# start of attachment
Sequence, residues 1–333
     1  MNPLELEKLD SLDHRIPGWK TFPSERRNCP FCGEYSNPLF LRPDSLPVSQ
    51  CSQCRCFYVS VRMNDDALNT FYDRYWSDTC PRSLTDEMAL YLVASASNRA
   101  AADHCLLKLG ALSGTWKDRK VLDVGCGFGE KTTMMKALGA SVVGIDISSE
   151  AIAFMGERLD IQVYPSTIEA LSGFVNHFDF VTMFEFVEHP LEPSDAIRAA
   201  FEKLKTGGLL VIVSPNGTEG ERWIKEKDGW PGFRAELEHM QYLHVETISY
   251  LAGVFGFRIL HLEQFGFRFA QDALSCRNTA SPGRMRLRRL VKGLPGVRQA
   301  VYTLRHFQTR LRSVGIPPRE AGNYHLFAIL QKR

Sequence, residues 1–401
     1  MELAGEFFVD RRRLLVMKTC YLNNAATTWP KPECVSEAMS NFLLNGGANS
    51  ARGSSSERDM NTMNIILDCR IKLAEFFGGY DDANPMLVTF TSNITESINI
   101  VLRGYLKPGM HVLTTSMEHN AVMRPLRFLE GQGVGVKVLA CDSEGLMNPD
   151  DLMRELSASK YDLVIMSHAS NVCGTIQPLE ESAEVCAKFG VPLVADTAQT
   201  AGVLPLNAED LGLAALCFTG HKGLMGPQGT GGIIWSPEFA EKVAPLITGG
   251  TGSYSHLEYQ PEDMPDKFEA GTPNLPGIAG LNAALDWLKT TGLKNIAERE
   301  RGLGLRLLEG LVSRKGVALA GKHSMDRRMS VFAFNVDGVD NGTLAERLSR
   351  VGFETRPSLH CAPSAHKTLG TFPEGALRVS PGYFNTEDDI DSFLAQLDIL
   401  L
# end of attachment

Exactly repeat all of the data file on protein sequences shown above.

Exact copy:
Sequence, residues 1–333
     1  MNPLELEKLD SLDHRIPGWK TFPSERRNCP FCGEYSNPLF LRPDSLPVSQ
    51  CSQCRCFYVS VRMNDDALNT FYDRYWSDTC PRSLTDEMAL YLVASASNRA
   101  AADHCLLKLG ALSGTWKDRK VLDVGCGFGE KTTMMKALGA SVVGIDISSE
   151  AIAFMGERLD IQVYPSTIEA LSGFVNHFDF VTMFEFVEHP LEPSDAIRAA
   201  FEKLKTGGLL VIVSPNGTEG ERWIKEKDGW PGFRAELEHM QYLHVETISY
   251  LAGVFGFRIL HLEQFGFRFA QDALSCRNTA SPGRMRLRRL VKGLPGVRQA
   301  VYTLRHFQTR LRSVGIPPRE AGNYHLFAIL QKR

Sequence, residues 1–401
     1  MELAGEFFVD RRRLLVMKTC YLNNAATTWP KPECVSEAMS NFLLNGGANS
    51  ARGSSSERDM NTMNIILDCR IKLAEFFGGY DDANPMLVTF TSNITESINI
   101  VLRGYLKPGM HVLTTSMEHN AVMRPLRFLE GQGVGVKVLA CDSEGLMNPD
   151  DLMRELSASK YDLVIMSHAS NVCGTIQPLE ESAEVCAKFG VPLVADTAQT
   201  AGVLPLNAED LGLAALCFTG HKGLMGPQGT GGIIWSPEFA EKVAPLITGG
   251  TGSYSHLEYQ PEDMPDKFEA GTPNLPGIAG LNAALDWLKT TGLKNIAERE
   301  RGLGLRLLEG LVSRKGVALA GKHSMDRRMS VFAFNVDGVD NGTLAERLSR
   351  VGFETRPSLH CAPSAHKTLG TFPEGALRVS PGYFNTEDDI DSFLAQLDIL
   401  L